Food and wine aren’t the only items that require a cool place to hang out. Here are 10 other items that prefer to “keep their cool” in your home.
Perfume and cologne
Scents, especially pricey ones, are often in a bottle that is a veritable a piece of art. It’s tempting to display the pretty bottles in on your dresser or in your bathroom, but that’s not such a great idea. “Heat and light can alter the scent of fragrances. It is best to keep cologne in a cool, dark environment,” says Nancy Haworth, a professional organizer and owner of On Task Organizing, LLC. Keep the cologne is a dresser drawer, closet shelf, or anywhere it won’t be exposed to direct sunlight.
Despite it’s name, the bathroom medicine cabinet is not an ideal place to store meds, says Henrieta Tim, the manager of the outpatient pharmacy at Sinai Hospital of Baltimore. “The steam from a hot shower can cause the chemicals in medicine to decompose, which could make the medicine less effective,” Tim says. Additionally, Tim says, storing medicine in temperatures that are also extremely cold could cause problems as well.
Tattered and worn bomber jackets may give you the vintage fashion statement you’re looking for, but if you want your leather coats, boots, or even handbags to stay soft and subtle, store them in a cool and dry place. Light and moisture are sworn enemies of leather. When storing in a closet or other location, make sure it’s not close to a bathroom or kitchen where moisture could change the climate. If you’re hanging leather coats or pants, use a sturdy wood or plastic hanger and don’t store in a plastic bag that could trap moisture (try a cloth garment bag or cotton sheet instead).
If you want to plant some herbs, veggies, or flowers this spring, don’t start with soggy seeds. While some seeds require a little soak before planting, store bought seeds need to be stored in a cool, dry space before the sowing and planting process begins. Moisture can cause mildew or mold to grow on seeds. If you collected seeds from your own plants, keep them in a paper envelope and store in a cool, dry place.
Bleach and ammonia are tough on stains—and your noses. “Cleaning supplies should be stored in a cool place so as not to explode or emit noxious and potentially harmful gasses into your household,” says Jim Ireland, owner of White Glove Elite, Inc. Equally important, never store ammonia and bleach together. If accidental spillage or leakage occurs, the two become a toxic gas, which can be fatal.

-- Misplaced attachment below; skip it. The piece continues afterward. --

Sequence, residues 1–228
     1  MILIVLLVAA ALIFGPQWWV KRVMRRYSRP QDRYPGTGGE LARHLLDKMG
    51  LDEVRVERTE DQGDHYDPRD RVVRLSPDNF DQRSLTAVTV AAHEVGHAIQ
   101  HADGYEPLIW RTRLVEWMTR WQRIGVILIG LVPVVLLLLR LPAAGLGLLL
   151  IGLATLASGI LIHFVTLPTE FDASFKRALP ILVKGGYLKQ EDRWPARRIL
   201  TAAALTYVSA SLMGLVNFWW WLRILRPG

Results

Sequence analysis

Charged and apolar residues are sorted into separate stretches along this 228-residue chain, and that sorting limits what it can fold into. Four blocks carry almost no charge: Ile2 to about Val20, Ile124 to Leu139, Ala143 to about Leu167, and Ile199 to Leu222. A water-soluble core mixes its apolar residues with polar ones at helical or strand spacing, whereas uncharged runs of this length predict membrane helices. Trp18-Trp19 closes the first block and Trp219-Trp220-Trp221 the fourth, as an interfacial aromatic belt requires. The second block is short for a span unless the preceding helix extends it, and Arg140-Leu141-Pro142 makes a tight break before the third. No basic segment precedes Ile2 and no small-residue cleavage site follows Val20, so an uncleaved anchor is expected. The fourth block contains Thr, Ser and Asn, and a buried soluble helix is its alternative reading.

It’s a no-brainer to store makeup in your bathroom; it’s got the best light and the biggest mirror, after all. But that’s a mistake, because warm and humid conditions can cause the preservatives in cosmetics to breakdown and microorganisms grow faster. And, according to the FDA “all natural” cosmetics have a shorter shelf life, because they contain plant-derived ingredients and non-traditional preservatives (or none at all) that make microbial growth even easier.
The unsaturated oils found in nuts can be healthy additions to your diet, but they can spoil if not stored correctly. “Most shelled nuts should be stored in an airtight container and placed in a dry, dark, cool place,” says Molly Morgan, RD, CDN of Nuts.com. “Light and heat speed up the time it takes for nuts to spoil, and keeping them in a dark cool place can increase their lifespan,” Morgan says. When kept in cool, dry conditions, nuts can be stored for about six month to a year.
Vinyl is hip again and if you want to play The Smiths the old-school way, Haworth recommends keeping your records in a cool dry place away from humidity, heat, and direct light. “These items can easily melt or otherwise get damaged from extreme temperature changes,” says Haworth. Other media such as film strips and camera film should be stored the same way.
A few pearls of wisdom are needed when storing these organic, cherished gems. “Pearls should be protected from heat, sunlight, and dry conditions,” says Lynel Brown, vice president of Brown Safe, a line of safes. “Extremes in temperature can cause the pearls to dry out, and if they get dry enough, they’ll crack.” The other pearl of wisdom your grandma knew about wearing pearls: They should be “the last thing you put on when dressing and the first thing you take off when you get home.” Why? Pearls are an organic gem with calcium carbonate and are susceptible to deteriorate from exposure to perfumes, makeup, and hair care products.
Old photographs and film strips
Nowadays, we’re more likely to store our pictures in the Cloud rather than photo albums, but if you have old black- and- white photos or negatives and want cherish them for days to come, don’t store thme in the typical places like your attic or basement. If you want to show your kids how high your hair was in the 80s, The Library of Congress recommends a cool place, avoiding areas with varying temperatures like radiators and vents or places with higher risk of leaks.